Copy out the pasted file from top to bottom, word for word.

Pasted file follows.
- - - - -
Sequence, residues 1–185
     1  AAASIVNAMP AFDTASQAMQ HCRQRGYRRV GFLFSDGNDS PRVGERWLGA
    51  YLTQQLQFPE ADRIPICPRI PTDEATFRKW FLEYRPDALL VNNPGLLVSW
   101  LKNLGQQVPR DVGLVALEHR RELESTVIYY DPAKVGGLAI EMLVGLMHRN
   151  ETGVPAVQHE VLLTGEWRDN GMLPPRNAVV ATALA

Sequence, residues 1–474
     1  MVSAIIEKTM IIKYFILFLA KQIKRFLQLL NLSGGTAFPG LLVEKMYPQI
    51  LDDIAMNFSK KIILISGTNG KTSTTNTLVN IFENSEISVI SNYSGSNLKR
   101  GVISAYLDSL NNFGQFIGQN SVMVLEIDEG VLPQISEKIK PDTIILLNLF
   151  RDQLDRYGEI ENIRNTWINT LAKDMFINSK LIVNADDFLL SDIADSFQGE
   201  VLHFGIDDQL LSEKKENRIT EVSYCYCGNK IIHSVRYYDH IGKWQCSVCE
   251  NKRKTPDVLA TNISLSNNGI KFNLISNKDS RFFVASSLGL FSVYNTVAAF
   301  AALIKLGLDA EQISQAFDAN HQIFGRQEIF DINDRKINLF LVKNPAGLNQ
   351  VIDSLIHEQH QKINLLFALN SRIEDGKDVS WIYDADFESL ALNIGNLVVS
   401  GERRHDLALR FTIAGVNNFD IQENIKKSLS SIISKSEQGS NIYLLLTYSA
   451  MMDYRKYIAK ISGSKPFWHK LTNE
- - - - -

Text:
Sequence, residues 1–185
     1  AAASIVNAMP AFDTASQAMQ HCRQRGYRRV GFLFSDGNDS PRVGERWLGA
    51  YLTQQLQFPE ADRIPICPRI PTDEATFRKW FLEYRPDALL VNNPGLLVSW
   101  LKNLGQQVPR DVGLVALEHR RELESTVIYY DPAKVGGLAI EMLVGLMHRN
   151  ETGVPAVQHE VLLTGEWRDN GMLPPRNAVV ATALA

Sequence, residues 1–474
     1  MVSAIIEKTM IIKYFILFLA KQIKRFLQLL NLSGGTAFPG LLVEKMYPQI
    51  LDDIAMNFSK KIILISGTNG KTSTTNTLVN IFENSEISVI SNYSGSNLKR
   101  GVISAYLDSL NNFGQFIGQN SVMVLEIDEG VLPQISEKIK PDTIILLNLF
   151  RDQLDRYGEI ENIRNTWINT LAKDMFINSK LIVNADDFLL SDIADSFQGE
   201  VLHFGIDDQL LSEKKENRIT EVSYCYCGNK IIHSVRYYDH IGKWQCSVCE
   251  NKRKTPDVLA TNISLSNNGI KFNLISNKDS RFFVASSLGL FSVYNTVAAF
   301  AALIKLGLDA EQISQAFDAN HQIFGRQEIF DINDRKINLF LVKNPAGLNQ
   351  VIDSLIHEQH QKINLLFALN SRIEDGKDVS WIYDADFESL ALNIGNLVVS
   401  GERRHDLALR FTIAGVNNFD IQENIKKSLS SIISKSEQGS NIYLLLTYSA
   451  MMDYRKYIAK ISGSKPFWHK LTNE